In a pivotal decision for employers, the U.S. Supreme Court ruled in the matter of Epic Systems Corp v. Lewis that class action waivers in employment-based arbitration agreements are lawful and enforceable. Previously, the validity of such waivers was in question. Many trial and appellate courts struck down such waivers on the grounds they violated an employee’s right under the National Labor Relations Act to engage in concerted action to improve working conditions. Today’s decision supersedes all such authority. It is now indisputably clear that class action waivers do not violate the National Labor Relations Act. And in fact the National Labor Relations Board said so in a press release issued hours after the decision. As the Supreme Court ruled, and the NLRB concedes, employees still have the right to band together to improve working conditions. Such right, however, does not override an arbitration agreement between employers and employees which bans the employee from bringing a class or representative action.
What does this mean for California employers? First, it is likely to slow the rate of class action filings as many employers have class action waivers in their arbitration agreements. Second, employers who do not have such waivers are more likely to consider including them. Many California employers have experienced a significant increase in wage and hour class actions in the past several years, and are motivated to prevent future class-based claims.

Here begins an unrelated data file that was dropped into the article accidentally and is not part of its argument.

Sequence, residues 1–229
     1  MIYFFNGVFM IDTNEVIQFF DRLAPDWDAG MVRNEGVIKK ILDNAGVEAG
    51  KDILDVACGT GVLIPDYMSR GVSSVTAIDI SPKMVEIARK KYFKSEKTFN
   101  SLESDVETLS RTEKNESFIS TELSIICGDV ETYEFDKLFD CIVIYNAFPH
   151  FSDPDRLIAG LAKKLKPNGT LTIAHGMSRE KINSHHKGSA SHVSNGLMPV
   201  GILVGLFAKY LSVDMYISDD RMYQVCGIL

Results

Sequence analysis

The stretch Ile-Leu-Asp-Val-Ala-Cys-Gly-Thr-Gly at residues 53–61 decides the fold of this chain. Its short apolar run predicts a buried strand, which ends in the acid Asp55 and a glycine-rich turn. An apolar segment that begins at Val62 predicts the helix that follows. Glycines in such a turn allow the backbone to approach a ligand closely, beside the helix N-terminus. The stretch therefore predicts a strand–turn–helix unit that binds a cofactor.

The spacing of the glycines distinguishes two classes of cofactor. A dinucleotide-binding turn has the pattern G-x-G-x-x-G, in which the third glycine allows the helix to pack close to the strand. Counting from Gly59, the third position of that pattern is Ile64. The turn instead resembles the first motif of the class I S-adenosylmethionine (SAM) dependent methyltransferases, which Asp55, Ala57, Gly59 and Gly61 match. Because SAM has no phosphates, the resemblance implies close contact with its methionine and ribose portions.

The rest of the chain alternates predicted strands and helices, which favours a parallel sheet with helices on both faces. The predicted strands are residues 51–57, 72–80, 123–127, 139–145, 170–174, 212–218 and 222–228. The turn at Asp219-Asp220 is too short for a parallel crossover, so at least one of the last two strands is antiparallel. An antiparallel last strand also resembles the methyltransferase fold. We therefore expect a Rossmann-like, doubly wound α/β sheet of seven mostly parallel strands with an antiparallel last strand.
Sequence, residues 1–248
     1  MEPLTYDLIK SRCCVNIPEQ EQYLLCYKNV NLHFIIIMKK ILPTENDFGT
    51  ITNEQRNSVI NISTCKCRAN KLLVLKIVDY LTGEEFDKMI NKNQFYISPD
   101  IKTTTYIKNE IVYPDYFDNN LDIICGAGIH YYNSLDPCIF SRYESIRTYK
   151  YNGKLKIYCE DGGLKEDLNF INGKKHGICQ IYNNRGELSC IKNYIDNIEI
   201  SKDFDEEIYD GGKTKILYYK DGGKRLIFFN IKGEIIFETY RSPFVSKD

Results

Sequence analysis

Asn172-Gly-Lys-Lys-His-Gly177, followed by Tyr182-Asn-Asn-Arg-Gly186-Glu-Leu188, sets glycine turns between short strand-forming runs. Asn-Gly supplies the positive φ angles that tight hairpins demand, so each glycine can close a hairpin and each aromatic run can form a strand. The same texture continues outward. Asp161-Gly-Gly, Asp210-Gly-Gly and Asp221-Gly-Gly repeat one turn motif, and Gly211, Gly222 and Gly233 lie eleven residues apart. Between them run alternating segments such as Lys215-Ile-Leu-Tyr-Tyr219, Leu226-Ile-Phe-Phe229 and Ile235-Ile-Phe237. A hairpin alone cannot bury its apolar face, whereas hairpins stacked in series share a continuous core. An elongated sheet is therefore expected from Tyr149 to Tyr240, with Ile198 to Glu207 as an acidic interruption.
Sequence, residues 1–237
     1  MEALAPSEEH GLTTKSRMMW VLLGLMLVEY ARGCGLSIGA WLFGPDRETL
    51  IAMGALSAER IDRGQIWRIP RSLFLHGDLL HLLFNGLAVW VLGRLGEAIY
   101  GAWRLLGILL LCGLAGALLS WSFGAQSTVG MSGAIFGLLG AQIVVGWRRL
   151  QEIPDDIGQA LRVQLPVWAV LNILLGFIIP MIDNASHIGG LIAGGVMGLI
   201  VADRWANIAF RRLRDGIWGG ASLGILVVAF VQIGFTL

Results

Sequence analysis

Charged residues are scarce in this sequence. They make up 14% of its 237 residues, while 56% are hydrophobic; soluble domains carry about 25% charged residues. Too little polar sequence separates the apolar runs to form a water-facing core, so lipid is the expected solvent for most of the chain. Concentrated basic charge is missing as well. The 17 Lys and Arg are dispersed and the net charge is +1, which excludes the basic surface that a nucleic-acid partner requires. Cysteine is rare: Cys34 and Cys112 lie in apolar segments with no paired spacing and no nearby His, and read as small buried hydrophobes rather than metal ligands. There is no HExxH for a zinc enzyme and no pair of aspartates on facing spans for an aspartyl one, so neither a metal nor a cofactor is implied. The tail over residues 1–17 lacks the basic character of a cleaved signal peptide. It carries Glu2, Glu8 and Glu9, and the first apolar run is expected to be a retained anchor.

Employers who do consider adopting arbitration agreements, and/or amending such agreements to add class action waivers, should know that such waivers will not prevent an employee from seeking civil penalties on a representative basis under the Private Attorneys General Act of 2004, commonly known as PAGA. The California Supreme Court has ruled that PAGA actions are actions on behalf of the state, and therefore, such claims do not fall under the provisions of any private arbitration agreement. As such, although employers in California may see a significant decrease in class-based claims, they may also see a comparable increase in PAGA-based claims.